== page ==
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Archive for Sunday, August 6, 1995

CLUB HELPS KEEP RIVER TRAIL CLEAR FOR LOCAL BICYCLISTS

August 6, 1995

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Volunteers were out Saturday cleaning up the city's bike trail along the north bank of the Kansas River.

As a gray haze rose from the Kansas River on Saturday morning, a red car carrying two mountain bikes on its roof drove past Mike Reading.

"That's why we do it," Reading said, watching the car drive to the entrance to the city's mountain bike trail on the river boat dock at Eighth Street in North Lawrence.

Reading and five other volunteers from Mountain Bike Lawrence, a local club with 40 members, were getting prepared to clean up brush, weeds and debris on the seven-mile dirt trail.

Larry Spray, Lawrence, was gassing up a chain saw while Chris Davis and Ulf Becker, both of Lawrence, looked on. Dean Parker, Lenexa, pulled a weed trimmer out of the back of a camper.

And Curtis Martell, Lawrence, the club's race director, was spraying his ankles with bug repellent and fixing a blue bandana around his forehead for the job.

Reading, who was in charge of the cleanup, said Mountain Bike Lawrence periodically helps the city maintain the trail in the wooded area between the levee and the river.

"This is a city park down here," Reading said. "The city can't have a crew down here maintaining this thing. It's strictly for recreational usage. And we're the people that use it.

"We're just trying to make it ridable for everyone in town. Lawrence is very fortunate that we have the river trail down here, which is a good beginner trail. It's flat and it's easy to ride."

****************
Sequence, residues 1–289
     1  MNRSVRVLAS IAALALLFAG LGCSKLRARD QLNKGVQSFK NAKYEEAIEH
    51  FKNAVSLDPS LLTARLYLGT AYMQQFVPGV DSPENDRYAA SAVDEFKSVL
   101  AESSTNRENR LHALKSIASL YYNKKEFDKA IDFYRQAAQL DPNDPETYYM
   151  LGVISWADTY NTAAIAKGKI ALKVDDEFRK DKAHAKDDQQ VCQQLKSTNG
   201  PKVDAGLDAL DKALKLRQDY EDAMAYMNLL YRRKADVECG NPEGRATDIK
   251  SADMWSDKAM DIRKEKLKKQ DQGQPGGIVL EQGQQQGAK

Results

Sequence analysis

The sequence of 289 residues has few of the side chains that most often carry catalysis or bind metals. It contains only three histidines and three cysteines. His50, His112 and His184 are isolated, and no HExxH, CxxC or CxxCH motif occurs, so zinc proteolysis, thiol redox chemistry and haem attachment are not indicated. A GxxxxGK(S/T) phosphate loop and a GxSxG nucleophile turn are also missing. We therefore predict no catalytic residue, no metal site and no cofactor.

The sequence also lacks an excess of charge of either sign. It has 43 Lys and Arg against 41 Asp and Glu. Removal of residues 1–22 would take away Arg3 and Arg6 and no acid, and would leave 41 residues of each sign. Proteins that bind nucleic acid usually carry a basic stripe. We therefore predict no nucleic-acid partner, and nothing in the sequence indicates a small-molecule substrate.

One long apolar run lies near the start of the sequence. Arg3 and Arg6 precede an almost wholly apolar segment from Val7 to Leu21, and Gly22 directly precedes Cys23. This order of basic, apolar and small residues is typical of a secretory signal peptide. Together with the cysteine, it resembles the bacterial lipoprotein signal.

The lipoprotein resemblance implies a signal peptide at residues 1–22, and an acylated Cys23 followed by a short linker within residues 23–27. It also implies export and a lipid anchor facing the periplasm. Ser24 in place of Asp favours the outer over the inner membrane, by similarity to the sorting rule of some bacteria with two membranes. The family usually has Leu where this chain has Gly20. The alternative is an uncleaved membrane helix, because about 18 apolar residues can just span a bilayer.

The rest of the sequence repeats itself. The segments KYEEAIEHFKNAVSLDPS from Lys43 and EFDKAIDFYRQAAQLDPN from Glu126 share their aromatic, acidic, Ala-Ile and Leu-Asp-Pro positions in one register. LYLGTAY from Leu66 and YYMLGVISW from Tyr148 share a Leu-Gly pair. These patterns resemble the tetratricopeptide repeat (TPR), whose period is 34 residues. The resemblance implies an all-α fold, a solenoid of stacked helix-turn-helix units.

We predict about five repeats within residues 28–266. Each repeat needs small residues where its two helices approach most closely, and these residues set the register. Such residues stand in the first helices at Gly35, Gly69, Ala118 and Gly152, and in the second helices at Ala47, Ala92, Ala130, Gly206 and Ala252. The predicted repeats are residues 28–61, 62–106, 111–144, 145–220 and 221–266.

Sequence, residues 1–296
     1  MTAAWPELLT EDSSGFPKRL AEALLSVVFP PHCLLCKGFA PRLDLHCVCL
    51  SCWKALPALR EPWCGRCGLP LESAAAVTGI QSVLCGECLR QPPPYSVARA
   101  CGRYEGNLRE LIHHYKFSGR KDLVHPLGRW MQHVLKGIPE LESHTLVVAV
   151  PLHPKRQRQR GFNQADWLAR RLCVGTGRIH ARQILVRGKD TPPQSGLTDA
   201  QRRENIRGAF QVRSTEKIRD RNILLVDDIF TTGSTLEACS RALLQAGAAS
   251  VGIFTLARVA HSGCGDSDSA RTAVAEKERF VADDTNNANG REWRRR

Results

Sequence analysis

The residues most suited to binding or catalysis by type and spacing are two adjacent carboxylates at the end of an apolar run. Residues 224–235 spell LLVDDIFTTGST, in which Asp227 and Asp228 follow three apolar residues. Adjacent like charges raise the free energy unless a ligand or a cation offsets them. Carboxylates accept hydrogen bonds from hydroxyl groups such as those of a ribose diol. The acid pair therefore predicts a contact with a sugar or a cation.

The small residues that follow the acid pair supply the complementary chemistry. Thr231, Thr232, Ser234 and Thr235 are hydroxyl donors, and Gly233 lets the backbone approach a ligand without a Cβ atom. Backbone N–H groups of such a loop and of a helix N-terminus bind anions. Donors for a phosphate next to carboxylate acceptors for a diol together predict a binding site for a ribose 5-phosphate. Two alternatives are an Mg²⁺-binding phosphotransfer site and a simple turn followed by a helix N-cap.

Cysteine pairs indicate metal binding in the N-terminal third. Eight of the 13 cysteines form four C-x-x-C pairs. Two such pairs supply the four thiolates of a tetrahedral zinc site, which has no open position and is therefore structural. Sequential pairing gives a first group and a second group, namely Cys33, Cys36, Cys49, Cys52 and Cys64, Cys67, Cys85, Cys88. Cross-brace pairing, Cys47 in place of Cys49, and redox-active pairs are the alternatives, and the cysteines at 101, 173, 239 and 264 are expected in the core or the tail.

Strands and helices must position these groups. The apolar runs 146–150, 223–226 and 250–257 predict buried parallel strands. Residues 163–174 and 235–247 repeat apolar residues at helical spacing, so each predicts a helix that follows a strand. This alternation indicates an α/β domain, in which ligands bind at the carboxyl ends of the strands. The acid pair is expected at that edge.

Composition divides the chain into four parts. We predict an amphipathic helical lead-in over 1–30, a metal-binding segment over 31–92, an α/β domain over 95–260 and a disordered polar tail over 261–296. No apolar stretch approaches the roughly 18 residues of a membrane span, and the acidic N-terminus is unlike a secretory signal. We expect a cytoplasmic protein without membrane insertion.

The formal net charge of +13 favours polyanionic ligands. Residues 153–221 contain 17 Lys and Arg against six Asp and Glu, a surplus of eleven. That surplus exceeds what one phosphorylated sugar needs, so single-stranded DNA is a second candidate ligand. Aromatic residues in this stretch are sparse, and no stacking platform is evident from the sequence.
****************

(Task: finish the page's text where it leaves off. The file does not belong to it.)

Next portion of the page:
The trail itself is about three feet wide and winds through trees and brush.

"We try to keep the poison ivy cut back by mowing," Reading said.

The trail is about seven miles long -- if it's all clear and dry. There are now two access points. One is at the boat ramp off Eighth Street and the other comes down off the levee by the FMC Corp. pump. But, at the request of the Army Corps of Engineers, the access on the levee will be closed because a flood might hurt the integrity of the levee.

"The last thing we want as cyclists is for the levee to be in danger because of something we're doing," he said.

Martell said the club members come down about four times a year to mow and reroute the trail around fallen trees or to cut out the old logs that have fallen across the trail.

"Old Man River never lets us rest, because every two years we get a flood and then we have to go back to work," he said. "But I think this project is fun and it's pretty rewarding, because we get to watch a lot of other people get to use the trail. I feel we're doing something for the bike community by helping out."

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